This week marks International Cephalopod Awareness Days, a time to celebrate these invertebrates and bring attention to their conservation. Earlier this week, Oceana discussed octopus vision, and also recently celebrated them during Cephalopod Week. Now, Oceana is bringing attention to a lesser-known cephalopod through a Creature Feature.
- It turns out that pollution and runoff may be having a much bigger impact on the Great Barrier Reef than previously thought. New research shows that pollution may be decreasing organisms’ ability to photosynthesize, thereby making it harder to absorb CO2. The Guardian
The Great Blue Hole, a Belizean National Monument and World Heritage Site, is one of the most gorgeous marine settings in the world. Situated just over 50 miles east of Belize City in the Lighthouse Reef Atoll, the rare reef formation stretches over 1,000 feet wide and over 400 feet deep. Previously an above-ground cave that’s sunk underwater, this sinkhole is teeming with marine life and is a haven for divers and ocean enthusiasts. Belize is home to three of the Caribbean’s four natural coral reef atolls.
- Scientists have recently discovered that some mangroves are offering coral reef shelter and protection from climate change. In Hurricane Hole, a mangrove habitat in the U.S. Virgin Islands, scientists found 30 species of coral growing underwater. Science Daily
It was a year ago this month when champion big-wave surfer Maya Gabeira set out to ride the biggest wave ever ridden by a woman off Nazaré, Portugal. She's surfed 46-foot waves in South Africa, but nothing like the monstrous 50-foot-plus waves that formed off the underwater cliffs in the Atlantic last October. As Gabeira set out to ride one of these massive waves, she fell into the surf and suffered a near-fatal accident before being rescued.
- Humans, cetaceans, and some birds are some of the only species known to practice vocal learning—communicating with sounds that aren’t just innate. Researchers found orcas not only practice this, but orcas engage in cross-species vocal learning, meaning they shift sounds depending on who they’re hanging out with. Science Daily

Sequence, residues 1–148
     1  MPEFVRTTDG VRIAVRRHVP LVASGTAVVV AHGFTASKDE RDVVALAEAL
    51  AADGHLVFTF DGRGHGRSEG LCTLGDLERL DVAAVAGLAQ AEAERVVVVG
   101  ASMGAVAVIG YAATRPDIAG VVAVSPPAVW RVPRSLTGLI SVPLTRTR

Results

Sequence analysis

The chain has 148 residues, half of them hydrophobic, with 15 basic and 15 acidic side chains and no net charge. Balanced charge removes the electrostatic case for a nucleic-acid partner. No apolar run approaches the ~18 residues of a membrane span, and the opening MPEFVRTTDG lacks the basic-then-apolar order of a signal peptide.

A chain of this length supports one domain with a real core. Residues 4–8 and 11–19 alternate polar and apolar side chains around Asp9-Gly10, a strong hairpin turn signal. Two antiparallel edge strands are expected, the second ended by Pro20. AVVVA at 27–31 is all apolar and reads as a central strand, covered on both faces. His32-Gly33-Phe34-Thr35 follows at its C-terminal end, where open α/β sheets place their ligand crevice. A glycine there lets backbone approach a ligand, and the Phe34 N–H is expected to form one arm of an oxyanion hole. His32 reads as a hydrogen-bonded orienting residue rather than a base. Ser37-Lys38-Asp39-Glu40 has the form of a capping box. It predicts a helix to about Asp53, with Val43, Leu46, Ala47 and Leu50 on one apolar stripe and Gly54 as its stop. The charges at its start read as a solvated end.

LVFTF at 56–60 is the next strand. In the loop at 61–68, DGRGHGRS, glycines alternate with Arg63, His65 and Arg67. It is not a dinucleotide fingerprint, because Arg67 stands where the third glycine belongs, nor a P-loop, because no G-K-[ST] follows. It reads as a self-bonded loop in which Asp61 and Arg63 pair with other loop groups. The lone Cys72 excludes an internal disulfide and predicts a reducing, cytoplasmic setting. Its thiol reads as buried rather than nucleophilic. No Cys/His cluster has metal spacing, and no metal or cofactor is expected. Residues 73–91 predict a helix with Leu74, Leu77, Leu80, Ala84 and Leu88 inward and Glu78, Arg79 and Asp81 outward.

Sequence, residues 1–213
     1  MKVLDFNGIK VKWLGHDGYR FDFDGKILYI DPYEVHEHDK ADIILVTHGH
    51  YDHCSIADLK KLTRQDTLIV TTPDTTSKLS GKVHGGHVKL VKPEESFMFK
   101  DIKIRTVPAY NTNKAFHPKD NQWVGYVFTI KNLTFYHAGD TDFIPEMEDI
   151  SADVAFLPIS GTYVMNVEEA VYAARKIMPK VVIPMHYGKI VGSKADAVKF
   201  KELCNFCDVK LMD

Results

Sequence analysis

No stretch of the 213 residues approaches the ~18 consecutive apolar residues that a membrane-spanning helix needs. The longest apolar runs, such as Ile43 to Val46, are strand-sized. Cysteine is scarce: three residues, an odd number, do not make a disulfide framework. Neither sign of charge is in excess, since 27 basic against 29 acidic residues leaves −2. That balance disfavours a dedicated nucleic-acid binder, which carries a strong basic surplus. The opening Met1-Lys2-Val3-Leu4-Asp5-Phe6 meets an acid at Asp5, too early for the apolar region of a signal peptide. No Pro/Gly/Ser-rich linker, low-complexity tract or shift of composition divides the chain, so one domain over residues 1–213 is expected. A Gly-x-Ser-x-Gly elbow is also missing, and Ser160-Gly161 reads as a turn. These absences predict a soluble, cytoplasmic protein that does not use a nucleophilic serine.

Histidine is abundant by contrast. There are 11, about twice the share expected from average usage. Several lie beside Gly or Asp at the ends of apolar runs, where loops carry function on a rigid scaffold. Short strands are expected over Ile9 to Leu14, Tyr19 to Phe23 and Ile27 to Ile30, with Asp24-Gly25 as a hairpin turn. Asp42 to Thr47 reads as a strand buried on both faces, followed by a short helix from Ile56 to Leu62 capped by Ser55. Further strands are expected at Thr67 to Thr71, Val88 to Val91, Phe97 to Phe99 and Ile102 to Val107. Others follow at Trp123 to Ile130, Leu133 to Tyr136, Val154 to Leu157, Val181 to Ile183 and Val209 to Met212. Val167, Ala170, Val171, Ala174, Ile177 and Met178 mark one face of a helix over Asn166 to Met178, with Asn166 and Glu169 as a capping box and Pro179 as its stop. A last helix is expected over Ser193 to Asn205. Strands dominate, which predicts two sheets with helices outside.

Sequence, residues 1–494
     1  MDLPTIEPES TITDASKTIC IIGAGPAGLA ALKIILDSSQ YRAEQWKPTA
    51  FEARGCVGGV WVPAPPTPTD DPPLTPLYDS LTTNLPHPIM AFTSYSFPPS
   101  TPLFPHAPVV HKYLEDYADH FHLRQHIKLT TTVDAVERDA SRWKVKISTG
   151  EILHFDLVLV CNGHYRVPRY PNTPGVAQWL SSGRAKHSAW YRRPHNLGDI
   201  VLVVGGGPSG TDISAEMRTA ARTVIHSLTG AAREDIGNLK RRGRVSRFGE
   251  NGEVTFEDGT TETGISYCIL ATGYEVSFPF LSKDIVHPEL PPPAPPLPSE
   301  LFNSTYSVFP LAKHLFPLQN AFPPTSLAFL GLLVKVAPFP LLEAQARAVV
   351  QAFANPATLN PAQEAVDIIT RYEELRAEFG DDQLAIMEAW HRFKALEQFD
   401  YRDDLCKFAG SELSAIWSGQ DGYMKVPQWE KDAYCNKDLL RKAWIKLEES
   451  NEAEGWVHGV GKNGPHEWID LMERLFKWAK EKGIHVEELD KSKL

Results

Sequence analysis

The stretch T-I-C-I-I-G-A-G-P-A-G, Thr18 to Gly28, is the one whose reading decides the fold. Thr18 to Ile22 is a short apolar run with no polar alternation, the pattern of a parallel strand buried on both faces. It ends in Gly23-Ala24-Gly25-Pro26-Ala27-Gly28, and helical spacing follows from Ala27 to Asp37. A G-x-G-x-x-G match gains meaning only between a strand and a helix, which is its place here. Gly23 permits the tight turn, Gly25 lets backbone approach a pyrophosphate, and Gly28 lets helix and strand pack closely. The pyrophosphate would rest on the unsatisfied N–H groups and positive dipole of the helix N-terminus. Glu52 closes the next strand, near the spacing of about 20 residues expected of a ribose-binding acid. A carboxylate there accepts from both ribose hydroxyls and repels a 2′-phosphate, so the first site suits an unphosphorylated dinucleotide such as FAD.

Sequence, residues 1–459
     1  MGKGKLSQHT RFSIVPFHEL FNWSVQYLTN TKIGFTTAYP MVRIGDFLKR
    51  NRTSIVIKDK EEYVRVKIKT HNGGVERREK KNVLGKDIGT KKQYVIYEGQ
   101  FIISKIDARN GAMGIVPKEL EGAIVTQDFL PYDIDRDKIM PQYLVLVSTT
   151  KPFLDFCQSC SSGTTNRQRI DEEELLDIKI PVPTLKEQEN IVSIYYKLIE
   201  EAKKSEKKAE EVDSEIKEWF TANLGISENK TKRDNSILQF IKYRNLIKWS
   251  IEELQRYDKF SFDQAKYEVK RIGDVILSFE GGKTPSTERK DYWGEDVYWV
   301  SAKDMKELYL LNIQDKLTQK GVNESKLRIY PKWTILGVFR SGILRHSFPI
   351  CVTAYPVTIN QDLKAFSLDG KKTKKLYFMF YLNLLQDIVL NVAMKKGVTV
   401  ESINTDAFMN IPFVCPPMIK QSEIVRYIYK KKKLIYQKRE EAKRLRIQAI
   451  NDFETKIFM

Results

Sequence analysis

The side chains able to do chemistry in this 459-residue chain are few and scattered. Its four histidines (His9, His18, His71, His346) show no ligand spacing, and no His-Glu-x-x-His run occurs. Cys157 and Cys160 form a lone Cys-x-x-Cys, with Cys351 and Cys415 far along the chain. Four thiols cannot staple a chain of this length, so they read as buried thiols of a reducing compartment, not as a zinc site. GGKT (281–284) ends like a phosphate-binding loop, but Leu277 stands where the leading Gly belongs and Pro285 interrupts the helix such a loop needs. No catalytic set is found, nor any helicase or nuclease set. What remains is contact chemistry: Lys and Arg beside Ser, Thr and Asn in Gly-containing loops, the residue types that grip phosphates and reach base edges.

- Scientists have detected a 40 percent decline in calcium carbonate in one section of the Great Barrier Reef near Lizard Island. Calcium carbonate serves as building blocks for coral reefs, so scientists say this study calls for “an arrest to ocean acidification.” The Sydney Morning Herald
Late last month, Chile became the first nation in South America to tax carbon dioxide (CO2) emissions. The new tax—$5 per ton of CO2 emitted—targets 50 megawatt or higher fossil fuel-emitting power plants, while smaller plants and those fueled by renewable sources will remain exempt. Most of the funds will go into Chile’s education system, says Blue and Green tomorrow.
- New research shows that fish aren’t quickly adapting to climate change, and it may take them several generations to do so. Researchers found that young spiny damselfish fish were no better than their parents at adapting to higher CO2 levels in seawater. The Guardian
In September, the National Marine Fisheries Service (NMFS) released new data showing the bycatch reported by federal observers of the California-based drift gillnet fishery that predominantly targets swordfish and thresher sharks. Alarmingly, the data indicates this fishery killed an estimated 53 marine mammals from May 2013 through January 2014.